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Land Matters: Polar Power

Murmansk is the largest city above the Arctic Circle, with about 300,000 people. Until 2013, most of the 200 or so buses run by the city’s largest bus company, Murmanskavtotrans, or MAT, were old and shedding large amounts of black carbon exhaust into the atmosphere. Black carbon is also known as soot, and diesel exhaust is a rich source of it. By the end of last year, 52 new MAZ-103 buses were on the roads of Murmansk; they meet the European Union’s second-highest standards for vehicle emissions, known as Euro 5, which took effect in 2011 and are the first such standards to regulate emissions of particulate matter, which includes black carbon, by mandating an 80 percent reduction. They are sparing the atmosphere an estimated 2,100 kilograms of black carbon a year from Murmansk’s buses, and saving MAT more than $600,000 a year on fuel. Another major bus company in the city, Elektrotransport, has begun following the lead of MAT by upgrading its fleet.

This bus trade-in is progress not just for public health—black carbon particles can cause harm to the heart and lungs, and premature death—but for global health, too. Black carbon, which comes from fossil fuels and also the burning of biomass, goes into the air, but not for long. In the Arctic, it lands on snow or ice cover, absorbs sunlight that would otherwise be reflected, and creates a heating effect. The soot deposits can be large and plainly visible from a distance. But because black carbon has such a short-lived suspension in the atmosphere, and its harm is done quickly, eliminating its sources can produce positive effects quickly, too.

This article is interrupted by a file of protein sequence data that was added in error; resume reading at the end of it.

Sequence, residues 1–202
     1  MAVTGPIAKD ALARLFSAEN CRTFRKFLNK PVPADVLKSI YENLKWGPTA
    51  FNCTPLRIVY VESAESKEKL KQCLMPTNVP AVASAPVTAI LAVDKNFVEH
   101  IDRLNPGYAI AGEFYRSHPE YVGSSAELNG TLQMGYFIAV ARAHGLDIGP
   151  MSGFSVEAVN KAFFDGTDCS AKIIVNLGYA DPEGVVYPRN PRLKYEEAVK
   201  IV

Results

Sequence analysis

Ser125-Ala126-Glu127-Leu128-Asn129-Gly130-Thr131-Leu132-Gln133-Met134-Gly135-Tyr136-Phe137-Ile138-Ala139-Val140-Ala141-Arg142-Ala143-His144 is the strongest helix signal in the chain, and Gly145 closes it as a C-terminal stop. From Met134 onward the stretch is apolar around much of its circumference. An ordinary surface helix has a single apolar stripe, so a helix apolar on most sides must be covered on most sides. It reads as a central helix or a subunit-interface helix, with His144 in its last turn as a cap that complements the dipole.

The United States’s effort in Murmansk, which is said to be proceeding despite the chill in relations with Russia generally, comes as the United States is in the middle of a two-year term as chair of the Arctic Council, a multilateral forum of eight nations with territory above the Arctic Circle (Denmark is a member because of its sovereignty over Greenland). The EPA, along with the State Department and other federal agencies, has adopted black carbon reduction as a major policy priority.

The Arctic region is warming at two times the average global rate, and any country with a strategic geopolitical interest is looking north. The sea ice is melting, as you have likely heard, opening up long-locked waters to navigation—and oil drilling. The area within the Arctic Circle holds 13 percent of the world’s undiscovered oil and 30 percent of its natural gas, plus huge mineral wealth, including coveted rare earth elements. It’s quite a feedback loop: Global warming is opening the northern seas for exploration to find the fossil fuel that is causing global warming. On land, the permafrost, like the sea ice, is melting, releasing methane that accelerates warming (more bad feedback).

The Murmansk bus project is one way the U.S. government is working with other Arctic Council nations to try to mitigate environmental crises at the top of the world. Four million people live above the Arctic Circle. In Alaska, about 70,000 people in 200 villages lie off the road system; there are 300 off-road villages in Canada. One major goal of the United States’s push to cut black carbon emissions is to wean these communities off diesel and other dirty fuels with local grids of clean, renewable energy. Scandinavian countries, which have large populations in the Arctic, already rely heavily on local grid systems.

None of this, of course, squares with the Obama administration’s decision in the spring to allow Royal Dutch Shell to try once again to drill for oil in the Chukchi Sea off the North Slope of Alaska—a choice Al Gore recently called “insane” in an interview with the Guardian. Shell bolted from the region a few years ago when it found the drilling too tough. If the world is in luck, the company will get the same result again. The United States seems to have a clear view of the big picture in the Arctic. Now it needs to focus on getting the little picture right, too.

Bradford McKee
Landscape Architecture Magazine 

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